A newly expanded database on the physical properties of alternative refrigerants will help U.S. industry convert from chemicals that are thought to harm the ozone layer to more environmentally acceptable refrigerants.
Chemists at the National Institute of Standards and Technology have added 12 new pure fluid refrigerants to REFPROP, a database widely used in industry for predicting efficiency and capacity of equipment that will use new refrigerants. Scientists included fluids of high interest to the refrigeration industry, such as R32 and R125, because highly accurate data are now available for these compounds. The expanded database now contains data on 38 pure refrigerants.
The new version, REFPROP 4.0, also contains 27 new refrigerant mixtures with data on their interaction parameters. Interaction parameters, based on measurements, are available for 65 binary mixture pairs. Interaction parameters for all other mixtures are estimated from a correlation.
In addition to expanding the number of pure fluids and mixtures in the database, NIST scientists have improved the quality and accuracy of the data for several of the compounds. Highly accurate, multiparameter equations of state are available for 12 of the pure fluids. REFPROP 4.0 represents a significant improvement in an industry tool for evaluating fluids for refrigeration and air conditioning.
The database is one of more than 30 available from the NIST Standard Reference Data Program which has been providing evaluated, high-quality data for a wide range of applications to industry, government and academic institutions for over 27 years.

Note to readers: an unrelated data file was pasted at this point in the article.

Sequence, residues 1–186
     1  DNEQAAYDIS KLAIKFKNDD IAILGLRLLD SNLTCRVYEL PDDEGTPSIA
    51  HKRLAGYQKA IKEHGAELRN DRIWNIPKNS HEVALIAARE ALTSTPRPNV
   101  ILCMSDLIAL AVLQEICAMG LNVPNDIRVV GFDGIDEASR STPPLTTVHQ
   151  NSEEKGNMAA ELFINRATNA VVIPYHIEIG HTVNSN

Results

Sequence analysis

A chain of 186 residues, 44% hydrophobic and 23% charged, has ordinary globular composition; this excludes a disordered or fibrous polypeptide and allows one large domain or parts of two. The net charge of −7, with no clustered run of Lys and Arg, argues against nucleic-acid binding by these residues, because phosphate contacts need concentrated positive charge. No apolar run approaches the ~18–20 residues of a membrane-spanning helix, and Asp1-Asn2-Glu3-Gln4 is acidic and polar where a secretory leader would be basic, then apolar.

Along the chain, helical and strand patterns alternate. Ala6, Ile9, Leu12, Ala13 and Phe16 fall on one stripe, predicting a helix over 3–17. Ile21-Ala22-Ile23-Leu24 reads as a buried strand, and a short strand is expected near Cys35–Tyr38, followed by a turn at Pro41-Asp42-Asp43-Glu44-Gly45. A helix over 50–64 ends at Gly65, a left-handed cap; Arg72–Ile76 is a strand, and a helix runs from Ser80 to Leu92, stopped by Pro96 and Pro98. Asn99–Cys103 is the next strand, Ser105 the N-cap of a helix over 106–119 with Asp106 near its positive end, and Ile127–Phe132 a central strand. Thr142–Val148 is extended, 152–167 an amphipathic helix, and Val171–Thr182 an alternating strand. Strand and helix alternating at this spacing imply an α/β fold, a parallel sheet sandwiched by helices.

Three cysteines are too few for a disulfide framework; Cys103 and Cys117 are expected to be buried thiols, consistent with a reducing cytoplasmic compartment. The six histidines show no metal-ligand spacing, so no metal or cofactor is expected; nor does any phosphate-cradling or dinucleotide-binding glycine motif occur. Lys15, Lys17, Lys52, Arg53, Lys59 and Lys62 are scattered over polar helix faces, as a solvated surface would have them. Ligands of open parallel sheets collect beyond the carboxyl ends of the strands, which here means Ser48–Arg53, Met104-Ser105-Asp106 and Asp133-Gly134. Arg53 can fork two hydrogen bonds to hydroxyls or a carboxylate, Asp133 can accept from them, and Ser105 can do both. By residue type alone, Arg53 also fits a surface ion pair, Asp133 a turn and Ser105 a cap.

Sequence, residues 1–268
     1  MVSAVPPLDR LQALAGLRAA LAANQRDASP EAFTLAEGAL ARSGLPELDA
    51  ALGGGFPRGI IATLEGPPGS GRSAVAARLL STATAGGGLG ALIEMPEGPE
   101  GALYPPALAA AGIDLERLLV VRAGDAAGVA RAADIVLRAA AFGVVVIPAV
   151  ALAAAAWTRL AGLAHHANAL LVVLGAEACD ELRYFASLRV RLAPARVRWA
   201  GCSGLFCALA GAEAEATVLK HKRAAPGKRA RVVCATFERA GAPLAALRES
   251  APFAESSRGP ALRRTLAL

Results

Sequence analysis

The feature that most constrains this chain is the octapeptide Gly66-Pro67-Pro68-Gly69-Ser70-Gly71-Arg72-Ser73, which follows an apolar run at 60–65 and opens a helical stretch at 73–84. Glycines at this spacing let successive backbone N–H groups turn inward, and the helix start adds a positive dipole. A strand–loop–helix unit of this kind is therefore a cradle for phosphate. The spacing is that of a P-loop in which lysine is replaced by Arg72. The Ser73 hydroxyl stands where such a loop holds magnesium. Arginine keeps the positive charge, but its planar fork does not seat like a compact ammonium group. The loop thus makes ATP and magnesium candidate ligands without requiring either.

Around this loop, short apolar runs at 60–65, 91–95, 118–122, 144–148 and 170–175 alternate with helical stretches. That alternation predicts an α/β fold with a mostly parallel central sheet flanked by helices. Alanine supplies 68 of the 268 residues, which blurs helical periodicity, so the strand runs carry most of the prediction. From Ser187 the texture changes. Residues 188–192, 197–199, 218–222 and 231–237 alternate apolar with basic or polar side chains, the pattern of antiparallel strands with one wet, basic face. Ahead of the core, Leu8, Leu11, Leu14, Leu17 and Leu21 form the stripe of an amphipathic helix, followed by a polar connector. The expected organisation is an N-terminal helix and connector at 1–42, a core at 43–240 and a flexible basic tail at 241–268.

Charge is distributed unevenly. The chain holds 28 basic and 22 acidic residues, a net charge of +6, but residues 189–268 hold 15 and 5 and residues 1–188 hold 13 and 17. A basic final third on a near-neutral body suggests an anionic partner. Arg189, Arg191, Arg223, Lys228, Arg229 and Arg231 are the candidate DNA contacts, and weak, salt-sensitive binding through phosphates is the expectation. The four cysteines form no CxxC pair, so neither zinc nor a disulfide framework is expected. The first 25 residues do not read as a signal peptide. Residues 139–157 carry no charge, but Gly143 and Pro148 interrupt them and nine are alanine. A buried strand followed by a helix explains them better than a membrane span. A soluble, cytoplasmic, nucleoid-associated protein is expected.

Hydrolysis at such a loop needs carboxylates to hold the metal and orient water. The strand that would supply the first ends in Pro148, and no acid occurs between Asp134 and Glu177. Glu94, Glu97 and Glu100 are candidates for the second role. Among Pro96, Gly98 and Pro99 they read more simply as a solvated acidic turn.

NIST began providing industry with data on the thermophysical properties of refrigerants in the 1920s, when it was known as the National Bureau of Standards. Prior to the discovery that chlorofluorocarbons, or CFCs, made excellent refrigerants, the young refrigeration industry used ammonia and other fluids in its equipment. Engineers relied on the NBS data tables as they designed refrigeration systems.
CFCs were first commercialized in the 1930s, when they were widely adopted as refrigerants, blowing agents and cleaning compounds. NIST revived its measurements of refrigerant properties in response to concern that CFCs are destroying the Earth's protective ozone layer.
NIST first introduced REFPROP in 1989 to provide industry with the most accurate measurements of thermophysical and transport properties of promising alternative refrigerants. By an international agreement, known as the Montreal Protocol, many industrialized and developing nations have pledged to phase out CFC refrigerants by the year 2000. The U.S. target date for ceasing production of CFCs is Dec. 31, 1995.
Version 4.0 of REFPROP is available for $465. Owners of a previous version may upgrade for $100. The database requires MS-DOS, PC-DOS 2.0 or higher. A math co-processor is recommended, and a minimum memory of 512K is required.
To order REFPROP 4.0, NIST Standard Reference Database 23, contact the Standard Reference Data Program, A320 Physics Building, NIST, Gaithersburg, Md. 20899-0001, (301) 975-2208, fax: (301) 975-0416, e-mail: srdata [at] enh.nist.gov (via Internet).
As a non-regulatory agency of the Commerce Department's Technology Administration, NIST promotes U.S. economic growth by working with industry to develop and apply technology, measurements and standards.